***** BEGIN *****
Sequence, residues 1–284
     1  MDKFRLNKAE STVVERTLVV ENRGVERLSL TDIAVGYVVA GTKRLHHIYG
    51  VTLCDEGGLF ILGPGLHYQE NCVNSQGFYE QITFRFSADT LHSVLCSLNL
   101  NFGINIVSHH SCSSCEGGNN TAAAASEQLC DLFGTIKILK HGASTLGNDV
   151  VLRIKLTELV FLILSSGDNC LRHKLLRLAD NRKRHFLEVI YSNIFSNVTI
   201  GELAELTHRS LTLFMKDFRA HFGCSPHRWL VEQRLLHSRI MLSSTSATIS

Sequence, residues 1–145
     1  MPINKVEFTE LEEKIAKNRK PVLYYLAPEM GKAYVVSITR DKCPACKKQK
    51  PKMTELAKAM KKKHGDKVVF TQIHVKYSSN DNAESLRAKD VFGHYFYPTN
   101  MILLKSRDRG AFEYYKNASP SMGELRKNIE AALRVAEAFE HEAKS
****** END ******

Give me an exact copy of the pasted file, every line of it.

Sequence, residues 1–284
     1  MDKFRLNKAE STVVERTLVV ENRGVERLSL TDIAVGYVVA GTKRLHHIYG
    51  VTLCDEGGLF ILGPGLHYQE NCVNSQGFYE QITFRFSADT LHSVLCSLNL
   101  NFGINIVSHH SCSSCEGGNN TAAAASEQLC DLFGTIKILK HGASTLGNDV
   151  VLRIKLTELV FLILSSGDNC LRHKLLRLAD NRKRHFLEVI YSNIFSNVTI
   201  GELAELTHRS LTLFMKDFRA HFGCSPHRWL VEQRLLHSRI MLSSTSATIS

Sequence, residues 1–145
     1  MPINKVEFTE LEEKIAKNRK PVLYYLAPEM GKAYVVSITR DKCPACKKQK
    51  PKMTELAKAM KKKHGDKVVF TQIHVKYSSN DNAESLRAKD VFGHYFYPTN
   101  MILLKSRDRG AFEYYKNASP SMGELRKNIE AALRVAEAFE HEAKS